SEV Biblia, Chapter 2:20 Resh : Mira, oh SEÑOR, y considera a quién has vendimiado así. Â¿Han de comer las mujeres su fruto, los pequeñitos de sus crías? Â¿Han de ser muertos en el Santuario del Señor el sacerdote y el profeta?
Clarke's Bible Commentary - Lamentations 2:20 Verse 20. Consider to whom thou hast done this] Perhaps the best sense of this difficult verse is this: "Thou art our Father, we are thy children; wilt thou destroy thy own offspring? Was it ever heard that a mother devoured her own child, a helpless infant of a span long?" That it was foretold that there should be such distress in the siege, - that mothers should be obliged to eat their own children, is evident enough from Lev. xxvi. 29; Deuteronomy xxviii. 53, 56, 57; but the former view of the subject seems the most natural and is best supported by the context.
The priest and the prophet are slain; the young and old lie on the ground in the streets; the virgins and young men are fallen by the sword. "THOU hast slain them in the day of thine anger; THOU hast killed, and not pitied." See chap. iv. 10.
John Gill's Bible Commentary Ver. 20. Behold, O Lord, and consider to whom thou hast done this , etc.] On whom thou hast brought these calamities of famine and sword; not upon thine enemies, but upon thine own people, that are called by thy name, and upon theirs, their young ones, who had not sinned as their fathers had: here the church does not charge God with any injustice, or complain of hard usage; only humbly entreats he would look upon her, in her misery, with an eye of pity and compassion; and consider her sorrowful condition; and remember the relation she stood in to him; and so submits her case, and leaves it with him. These words seem to be suggested to the church by the prophet, as what might be proper for her to use, when praying for the life of her young children; and might be introduced by supplying the word “saying” before “behold, O Lord”, etc. shall the women eat their fruit ; their children, the fruit of their womb, as the Targum; their newborn babes, that hung at their breasts, and were carried in their arms; it seems they did, as was threatened they should, ( Leviticus 26:29 Deuteronomy 28:57); and so they did at the siege of Samaria, and at the siege of Jerusalem, both by the Chaldeans and the Romans: [and] children of a span long ? or of a hand’s breadth; the breadth of the palms of the hand, denoting very little ones: or “children handled”, or “swaddled with the hands” f51 ; of their parents, who are used to stroke the limbs of their babes, to bring them to; and keep them in right form and shape, and swaddle them with swaddling bands in a proper manner; (see Lamentations 2:22); and so the Targum, “desirable children, who are wrapped in fine linen.”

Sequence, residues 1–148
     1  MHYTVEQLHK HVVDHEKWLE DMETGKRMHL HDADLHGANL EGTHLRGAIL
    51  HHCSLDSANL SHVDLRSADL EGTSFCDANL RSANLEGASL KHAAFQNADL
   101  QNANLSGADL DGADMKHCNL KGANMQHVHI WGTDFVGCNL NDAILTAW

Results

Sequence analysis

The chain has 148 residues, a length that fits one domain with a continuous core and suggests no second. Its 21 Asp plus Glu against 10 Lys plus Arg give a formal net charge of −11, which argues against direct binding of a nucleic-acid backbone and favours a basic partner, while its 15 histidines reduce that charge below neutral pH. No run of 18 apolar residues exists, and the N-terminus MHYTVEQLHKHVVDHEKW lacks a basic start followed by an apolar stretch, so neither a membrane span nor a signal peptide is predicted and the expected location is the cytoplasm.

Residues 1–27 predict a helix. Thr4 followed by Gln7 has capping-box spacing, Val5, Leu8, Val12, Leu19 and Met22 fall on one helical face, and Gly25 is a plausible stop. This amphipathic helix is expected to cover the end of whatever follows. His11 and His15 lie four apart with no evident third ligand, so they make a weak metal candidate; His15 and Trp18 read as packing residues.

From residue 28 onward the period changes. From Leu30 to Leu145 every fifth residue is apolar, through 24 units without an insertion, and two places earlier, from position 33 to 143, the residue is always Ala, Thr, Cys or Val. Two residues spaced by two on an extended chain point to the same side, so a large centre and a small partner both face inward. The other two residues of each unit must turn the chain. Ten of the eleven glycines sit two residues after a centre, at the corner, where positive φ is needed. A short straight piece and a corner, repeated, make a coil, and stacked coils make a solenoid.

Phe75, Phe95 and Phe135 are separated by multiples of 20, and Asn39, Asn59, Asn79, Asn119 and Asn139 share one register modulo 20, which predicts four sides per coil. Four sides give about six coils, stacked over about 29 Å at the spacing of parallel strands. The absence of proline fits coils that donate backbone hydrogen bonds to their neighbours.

Jarchi interprets it of Doeg Ben Joseph, whom his mother slew, and ate: shall the priest and the prophet be slain in the sanctuary of the Lord ? as very probably some were, who fled thither for safety when the city was broken up; but were not spared by the merciless Chaldeans, who had no regard to their office and character; nor is it any wonder they should not, when the Jews themselves slew Zechariah, a priest and prophet, between the porch and the altar; of whom the Targum here makes mention; and to whom Jarchi applies these words.
Matthew Henry Commentary
Lamentation for the misery of Jerusalem.
Lam. 2:1-9 A sad representation is here made of the state of God' church, of Jacob and Israel; but the notice seems mostly to refer to the hand of the Lord in their calamities. Yet God is not an enemy to his people, when he is angry with them and corrects them. And gates an bars stand in no stead when God withdraws his protection. It is jus with God to cast down those by judgments, who debase themselves by sin and to deprive those of the benefit and comfort of sabbaths an ordinances, who have not duly valued nor observed them. What shoul they do with Bibles, who make no improvement of them? Those who misus God's prophets, justly lose them. It becomes necessary, though painful to turn the thoughts of the afflicted to the hand of God lifted u against them, and to their sins as the source of their miseries.
Lam. 2:10-22 Causes for lamentation are described. Multitudes perishe by famine. Even little children were slain by their mother's hands, an eaten, according to the threatening, Deut. 28:53. Multitudes fell by the sword. Their false prophets deceived them. And their neighbour laughed at them. It is a great sin to jest at others' miseries, an adds much affliction to the afflicted. Their enemies triumphed ove them. The enemies of the church are apt to take its shocks for it ruins; but they will find themselves deceived. Calls to lamentation ar given; and comforts for the cure of these lamentations are sought Prayer is a salve for every sore, even the sorest; a remedy for ever malady, even the most grievous. Our business in prayer is to refer ou case to the Lord, and leave it with him. His will be done. Let us fea God, and walk humbly before him, and take heed lest we fall __________________________________________________________________
Original Hebrew ראה 7200 יהוה 3068 והביטה 5027 למי 4310 עוללת 5953 כה 3541 אם 518 תאכלנה 398 נשׁים 802 פרים 6529 עללי 5768 טפחים 2949 אם 518 יהרג 2026 במקדשׁ 4720 אדני 136 כהן 3548 ונביא׃ 5030